With the pandemic in its third year, and students having learned remotely for much of the academic year since schools first closed due to COVID-19 in March 2020, investments in learning recovery, classroom and socio-emotional support, and teacher and staff retention and pay are critical areas of focus.
Baltimore County Public Schools Superintendent Darryl Williams presented a $2.43 billion operating budget proposal for fiscal year 2023 to the Board of Education at its Jan. 11 meeting to address those priorities. The proposed budget, which would take effect July 1 and end June 30, 2023, seeks a 16.9% increase in funds from the county, and a 3.9 percent increase in state funding compared to FY2022. The operating budget does not include capital projects such as new schools and additions.
Williams introduced the annual spending plan to school board members by highlighting how the
pandemic has placed unprecedented stresses on student academic progress, emotional well-being, and student enrollment, which has dropped especially in the earliest grades. He also reported challenges in maintaining staff morale and hiring and retention levels. The pandemic has strained resources for vulnerable students by limiting food and nutrition programs, and changing how services were provided for students with needs for special education, English for Speakers of Other Languages (ESOL) and social-emotional support. BPCS was also required to restructure its curriculum and provide training to deliver remote instruction.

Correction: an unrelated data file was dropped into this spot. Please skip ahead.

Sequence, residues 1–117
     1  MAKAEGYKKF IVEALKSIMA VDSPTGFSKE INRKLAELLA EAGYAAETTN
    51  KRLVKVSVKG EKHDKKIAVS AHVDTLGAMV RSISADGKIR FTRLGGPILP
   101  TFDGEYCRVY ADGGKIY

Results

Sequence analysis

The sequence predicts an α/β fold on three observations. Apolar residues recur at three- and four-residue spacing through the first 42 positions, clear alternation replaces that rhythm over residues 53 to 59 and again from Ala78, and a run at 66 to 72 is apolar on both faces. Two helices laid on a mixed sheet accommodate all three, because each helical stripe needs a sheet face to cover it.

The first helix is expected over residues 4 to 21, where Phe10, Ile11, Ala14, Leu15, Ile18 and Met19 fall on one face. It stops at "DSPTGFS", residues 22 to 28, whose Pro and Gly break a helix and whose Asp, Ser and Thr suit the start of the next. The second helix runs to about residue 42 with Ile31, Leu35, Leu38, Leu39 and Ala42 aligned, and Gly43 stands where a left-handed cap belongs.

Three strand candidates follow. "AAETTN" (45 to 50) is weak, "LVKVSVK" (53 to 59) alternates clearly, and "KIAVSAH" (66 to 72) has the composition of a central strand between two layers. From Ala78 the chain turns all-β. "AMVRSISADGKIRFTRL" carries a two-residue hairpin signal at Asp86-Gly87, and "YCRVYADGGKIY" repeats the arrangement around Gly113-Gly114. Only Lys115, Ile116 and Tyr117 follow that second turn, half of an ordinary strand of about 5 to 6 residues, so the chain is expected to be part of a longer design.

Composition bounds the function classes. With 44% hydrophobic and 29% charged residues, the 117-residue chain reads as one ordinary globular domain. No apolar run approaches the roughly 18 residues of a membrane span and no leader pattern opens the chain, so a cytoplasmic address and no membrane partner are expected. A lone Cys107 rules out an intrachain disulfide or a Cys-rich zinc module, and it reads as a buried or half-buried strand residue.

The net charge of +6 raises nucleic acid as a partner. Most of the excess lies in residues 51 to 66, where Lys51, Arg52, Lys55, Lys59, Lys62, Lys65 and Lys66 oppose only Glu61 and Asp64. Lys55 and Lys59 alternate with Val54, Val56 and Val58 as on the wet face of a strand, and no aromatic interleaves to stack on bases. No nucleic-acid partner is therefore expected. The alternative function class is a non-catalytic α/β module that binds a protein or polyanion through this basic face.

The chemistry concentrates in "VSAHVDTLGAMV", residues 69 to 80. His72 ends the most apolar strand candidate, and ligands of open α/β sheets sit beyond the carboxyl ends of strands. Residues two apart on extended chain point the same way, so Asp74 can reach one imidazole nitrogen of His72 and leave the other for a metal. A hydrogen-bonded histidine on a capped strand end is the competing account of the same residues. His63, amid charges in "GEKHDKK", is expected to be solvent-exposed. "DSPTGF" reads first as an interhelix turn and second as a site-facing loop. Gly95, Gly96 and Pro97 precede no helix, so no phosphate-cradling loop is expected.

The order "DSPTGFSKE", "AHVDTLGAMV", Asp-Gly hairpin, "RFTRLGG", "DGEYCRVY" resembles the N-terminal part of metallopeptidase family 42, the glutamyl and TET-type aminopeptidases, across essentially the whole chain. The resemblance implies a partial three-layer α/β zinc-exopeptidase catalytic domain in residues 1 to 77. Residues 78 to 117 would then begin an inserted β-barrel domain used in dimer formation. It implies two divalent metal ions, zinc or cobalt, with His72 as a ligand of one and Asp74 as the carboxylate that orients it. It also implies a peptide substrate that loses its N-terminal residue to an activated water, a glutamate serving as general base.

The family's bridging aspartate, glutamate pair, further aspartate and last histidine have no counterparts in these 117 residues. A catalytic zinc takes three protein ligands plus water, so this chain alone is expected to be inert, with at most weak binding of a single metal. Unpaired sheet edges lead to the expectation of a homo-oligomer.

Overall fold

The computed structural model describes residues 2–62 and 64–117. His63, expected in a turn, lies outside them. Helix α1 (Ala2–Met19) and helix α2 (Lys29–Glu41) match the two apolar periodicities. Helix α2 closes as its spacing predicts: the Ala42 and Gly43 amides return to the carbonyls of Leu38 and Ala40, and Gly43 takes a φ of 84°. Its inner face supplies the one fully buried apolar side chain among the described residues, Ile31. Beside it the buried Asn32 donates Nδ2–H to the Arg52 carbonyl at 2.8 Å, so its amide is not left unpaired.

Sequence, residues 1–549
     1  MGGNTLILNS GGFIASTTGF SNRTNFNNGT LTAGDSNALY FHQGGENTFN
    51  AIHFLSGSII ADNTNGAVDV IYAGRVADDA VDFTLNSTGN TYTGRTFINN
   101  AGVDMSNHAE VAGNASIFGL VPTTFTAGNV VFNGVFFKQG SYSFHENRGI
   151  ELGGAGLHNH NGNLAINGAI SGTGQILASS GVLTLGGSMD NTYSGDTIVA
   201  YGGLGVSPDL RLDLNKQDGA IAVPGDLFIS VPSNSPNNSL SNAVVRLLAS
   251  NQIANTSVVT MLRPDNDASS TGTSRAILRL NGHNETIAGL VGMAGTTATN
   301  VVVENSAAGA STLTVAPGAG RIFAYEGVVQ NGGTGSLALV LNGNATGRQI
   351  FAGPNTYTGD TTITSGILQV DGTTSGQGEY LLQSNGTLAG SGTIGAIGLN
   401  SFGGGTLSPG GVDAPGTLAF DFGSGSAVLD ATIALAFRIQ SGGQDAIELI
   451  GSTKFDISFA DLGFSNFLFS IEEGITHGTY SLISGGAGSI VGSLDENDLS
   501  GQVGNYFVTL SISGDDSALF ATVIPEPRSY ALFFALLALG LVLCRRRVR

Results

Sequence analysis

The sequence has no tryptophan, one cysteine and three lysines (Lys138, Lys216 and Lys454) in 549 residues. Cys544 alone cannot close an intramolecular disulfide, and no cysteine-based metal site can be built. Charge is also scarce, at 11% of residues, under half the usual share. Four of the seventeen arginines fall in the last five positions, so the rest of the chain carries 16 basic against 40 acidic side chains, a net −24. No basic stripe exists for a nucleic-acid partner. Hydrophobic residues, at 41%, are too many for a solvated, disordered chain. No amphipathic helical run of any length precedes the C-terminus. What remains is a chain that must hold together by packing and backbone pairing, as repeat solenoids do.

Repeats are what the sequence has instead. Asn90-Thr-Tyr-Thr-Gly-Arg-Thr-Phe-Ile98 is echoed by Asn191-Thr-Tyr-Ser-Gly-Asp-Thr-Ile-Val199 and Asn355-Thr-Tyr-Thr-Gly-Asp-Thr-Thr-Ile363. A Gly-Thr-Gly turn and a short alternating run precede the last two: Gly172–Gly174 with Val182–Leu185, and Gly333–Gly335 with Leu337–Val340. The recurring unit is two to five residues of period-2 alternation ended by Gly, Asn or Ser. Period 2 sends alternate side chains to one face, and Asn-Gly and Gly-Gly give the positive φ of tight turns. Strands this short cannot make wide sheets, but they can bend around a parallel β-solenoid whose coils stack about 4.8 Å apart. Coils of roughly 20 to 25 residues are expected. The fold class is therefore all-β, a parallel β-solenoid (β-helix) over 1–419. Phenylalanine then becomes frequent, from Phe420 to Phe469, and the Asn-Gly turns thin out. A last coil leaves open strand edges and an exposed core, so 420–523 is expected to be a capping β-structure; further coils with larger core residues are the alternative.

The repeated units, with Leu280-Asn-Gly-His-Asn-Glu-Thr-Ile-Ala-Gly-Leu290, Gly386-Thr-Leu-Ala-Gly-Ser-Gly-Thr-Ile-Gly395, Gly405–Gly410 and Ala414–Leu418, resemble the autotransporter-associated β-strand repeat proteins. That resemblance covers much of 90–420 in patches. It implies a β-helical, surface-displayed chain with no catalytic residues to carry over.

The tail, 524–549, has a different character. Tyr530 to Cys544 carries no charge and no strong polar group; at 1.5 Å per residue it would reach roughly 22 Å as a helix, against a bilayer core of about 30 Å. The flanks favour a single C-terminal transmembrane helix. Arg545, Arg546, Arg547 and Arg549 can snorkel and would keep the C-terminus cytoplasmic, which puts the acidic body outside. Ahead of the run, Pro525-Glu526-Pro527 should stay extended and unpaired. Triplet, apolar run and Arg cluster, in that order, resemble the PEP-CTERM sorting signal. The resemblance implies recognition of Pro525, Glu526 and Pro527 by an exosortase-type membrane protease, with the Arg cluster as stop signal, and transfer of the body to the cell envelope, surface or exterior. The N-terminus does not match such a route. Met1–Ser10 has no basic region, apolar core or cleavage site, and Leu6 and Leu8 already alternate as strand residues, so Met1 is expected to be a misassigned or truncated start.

With a focus on “people and progress,” he said, the budget is designed to address the issues through additional targeted positions and compensation enhancements.
New initiatives in the proposed FY2023 operating budget would require an overall increase of 381.3 full-time positions—including about 69 school counselors, social workers and assistants for health and psychological services—at a cost of $172.4 million. About $24.8 million is included in the budget for operations, such as critical maintenance and transportation.
In alignment with the school system’s recent efficiency review, Williams said BCPS will save approximately $7.7 million through cabinet reorganization and device cost reduction.
BCPS’s resources are adjusting to an increasingly diverse student body that is now 7.1% Asian, 14% Hispanic/Latino, 32.8% White and 40.4% African American/Black), the superintendent said. According to other demographics, since 2010 the number of English learners have more than tripled to about 10,265, the number of students experiencing homelessness has jumped more than 20% to 1,735, and students eligible for Free and Reduced-Price Meals (FARMS) has increased 44%. This fiscal year, the system enrolls 111,120 students including 53.9 percent who are eligible for FARMS. Officials project student enrollment to grow.
The school board is scheduled to adopt the budget at its Feb. 22 meeting. In addition to public hearings, the process includes the County Executive presenting a budget proposal to the County Council in April, before the council approves a final budget in May.